BOSTON, July 15, 2022 (GLOBE NEWSWIRE) —
- This week, with support from community partners at Aletheia House, Bicycle Health flew clinical staff to Alabama to host hundreds of in-person meetings with patients.
- Bicycle Health’s “Alabama Airdrop” is a stop-gap effort to protect patients in recovery from losing their access to OUD treatment and medication, while the company works out a longer-term patient transition plan with partners at Aletheia House.
- Since the passage of Act No. 2022-302 in the state of Alabama, Bicycle Health has worked with state-level partners to transition hundreds of patients to in-person care.
- Despite best efforts, with less than a month to go before the Act’s July 11 deadline, over 80% of Bicycle Health’s patients had not found an alternative provider that could treat them in-person.
- These in-person meetings will enable Alabama patients to continue their Medication for Opioid Use Disorder (MOUD) in Alabama for up to twelve additional months through Bicycle Health.
Bicycle Health, the leading provider of virtual opioid addiction treatment, today announced it will partner with Aletheia House, an Alabama-based non-profit, to create a long-term plan to transition patients to in-person care as mandated by Alabama state Act No. 2022-302. To protect patients in recovery who would otherwise lose access to treatment, Bicycle Health also initiated an “Alabama Airdrop,” by flying clinical staff with Alabama state licenses into the state to meet patients in-person so that their recovery could continue with Bicycle Health for up to one more year.
In April, the Alabama legislature passed Act No. 2022-302, which prohibits clinicians from writing prescriptions for controlled substances and other medications via telemedicine without an in-person visit. Since that time, Bicycle Health has worked with in-state organizations to help patients transition to in-person care.
According to the Alabama Department of Mental Health, opioid overdoses increased more than 20% in Alabama in 2020, resulting in the state being one of 25 with the highest increase during the time period – reflecting a dire need for treatment options. In line with this data, as of a week before the July 11 deadline, less than 20% of Bicycle Health’s patients had managed to find another doctor to continue their treatment inside the state. Feedback from patients shows that location constraints, work commitments, and fear of recognition have contributed to this struggle.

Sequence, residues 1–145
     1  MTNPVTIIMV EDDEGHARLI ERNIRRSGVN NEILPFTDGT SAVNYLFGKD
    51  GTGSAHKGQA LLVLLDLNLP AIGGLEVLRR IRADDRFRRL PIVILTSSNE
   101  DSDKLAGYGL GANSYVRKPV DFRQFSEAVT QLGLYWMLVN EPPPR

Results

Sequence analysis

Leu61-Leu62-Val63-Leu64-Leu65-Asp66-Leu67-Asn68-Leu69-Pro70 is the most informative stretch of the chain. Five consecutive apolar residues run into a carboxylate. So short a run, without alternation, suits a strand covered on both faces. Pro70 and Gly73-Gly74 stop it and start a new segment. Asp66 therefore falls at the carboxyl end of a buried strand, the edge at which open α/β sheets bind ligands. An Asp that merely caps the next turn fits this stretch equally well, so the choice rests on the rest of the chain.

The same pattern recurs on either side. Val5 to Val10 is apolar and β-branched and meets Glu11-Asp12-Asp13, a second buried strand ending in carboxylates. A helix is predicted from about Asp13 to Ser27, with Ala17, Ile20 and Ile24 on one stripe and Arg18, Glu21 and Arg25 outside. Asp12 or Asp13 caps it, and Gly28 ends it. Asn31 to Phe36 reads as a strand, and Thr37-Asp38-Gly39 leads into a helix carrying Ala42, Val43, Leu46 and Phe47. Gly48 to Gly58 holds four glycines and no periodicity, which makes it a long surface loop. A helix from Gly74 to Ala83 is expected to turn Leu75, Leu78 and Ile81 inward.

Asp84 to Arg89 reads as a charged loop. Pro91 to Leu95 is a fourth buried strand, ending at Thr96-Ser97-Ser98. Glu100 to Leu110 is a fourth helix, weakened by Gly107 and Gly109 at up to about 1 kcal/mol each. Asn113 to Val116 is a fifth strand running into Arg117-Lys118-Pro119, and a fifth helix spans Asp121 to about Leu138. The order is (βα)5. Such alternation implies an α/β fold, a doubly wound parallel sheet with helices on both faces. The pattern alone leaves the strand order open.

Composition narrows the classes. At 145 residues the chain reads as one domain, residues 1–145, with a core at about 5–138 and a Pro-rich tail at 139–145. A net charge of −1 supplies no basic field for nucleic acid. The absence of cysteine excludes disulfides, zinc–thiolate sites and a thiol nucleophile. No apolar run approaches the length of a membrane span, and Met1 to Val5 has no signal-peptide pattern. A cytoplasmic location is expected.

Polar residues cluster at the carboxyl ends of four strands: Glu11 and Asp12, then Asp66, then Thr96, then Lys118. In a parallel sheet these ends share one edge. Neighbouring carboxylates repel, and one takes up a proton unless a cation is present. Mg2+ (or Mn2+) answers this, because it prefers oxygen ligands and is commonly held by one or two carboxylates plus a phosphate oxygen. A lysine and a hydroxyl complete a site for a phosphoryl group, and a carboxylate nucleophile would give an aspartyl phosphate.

Through encouragement from leadership at Aletheia House to develop a creative solution to the problem, Bicycle Health made the decision to fly members of its medical staff, including two physicians, to Alabama to host hundreds of in-person meetings with patients.
“In spite of our best efforts, we’ve been unable to help hundreds of patients in recovery find an in-person treatment option in Alabama,” said Brian Clear, MD, Chief Medical Officer at Bicycle Health. “While working with patients to transition their care, several told us they were considering moving to another state if they were unable to find a local doctor to continue their treatment. This drove home the sad reality that many of our patients had no other options and that we had to find a way to continue to treat them ourselves, while complying with the new law.”
Clear continued, “We’re proud of the people on our staff who volunteered to drop everything and fly to Alabama to care for patients. We’re also grateful to our partners at Aletheia House for their encouragement to find a creative way to keep these patients from losing access to treatment while we work on a long-term solution.”
“As a longtime provider of substance abuse treatment in Alabama, we see the firsthand impacts of opioid addiction and the challenges that access to treatment creates for patients in recovery,” said Gloria Howard, Chief Operating Officer at Aletheia House. “Bicycle Health’s Alabama Airdrop will prevent the discontinuation of care for hundreds of patients and continue to support their journey toward recovery – an honorable mission that is good for patients and for the state of Alabama.”
Bicycle Health has stopped adding new patients in the state of Alabama. However, for existing patients, a single in-person visit with a Bicycle Health physician will allow them to continue with their virtual care for another twelve months before they need to find an in-person treatment option. Bicycle Health’s virtual care model combines telehealth visits, medication management, behavioral health support, and regular in-home diagnostic testing.
In a recently published peer-reviewed study, Bicycle Health’s care model yielded exceptional retention rates compared to traditional in-person care – as evidenced by 86% of insured patients still in treatment at 30 days and 75% for a mixed population of insured and self-pay in the same time frame. The company has served more than 17,000 patients across the country to-date and prevented an estimated 355 overdoses in 2021.
About Bicycle Health
Bicycle Health offers confidential evidence-based virtual care for opioid use disorder, from the comfort of your home. We provide access to a highly trained team of medical experts, a customized treatment plan, same-day prescription refills for medication management, and access to peer support groups and therapy. Our mission is to provide high-quality, affordable, convenient, and confidential opioid use order treatment for those in need, with a vision to help anyone with a chronic disease live a happy, healthy, and fulfilling life.
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